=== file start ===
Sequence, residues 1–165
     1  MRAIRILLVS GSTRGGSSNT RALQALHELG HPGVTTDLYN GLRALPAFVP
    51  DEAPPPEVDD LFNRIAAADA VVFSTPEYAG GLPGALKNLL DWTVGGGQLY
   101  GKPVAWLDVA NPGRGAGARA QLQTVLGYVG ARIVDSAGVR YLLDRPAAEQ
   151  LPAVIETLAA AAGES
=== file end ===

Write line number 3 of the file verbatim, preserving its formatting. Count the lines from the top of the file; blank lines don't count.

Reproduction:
    51  DEAPPPEVDD LFNRIAAADA VVFSTPEYAG GLPGALKNLL DWTVGGGQLY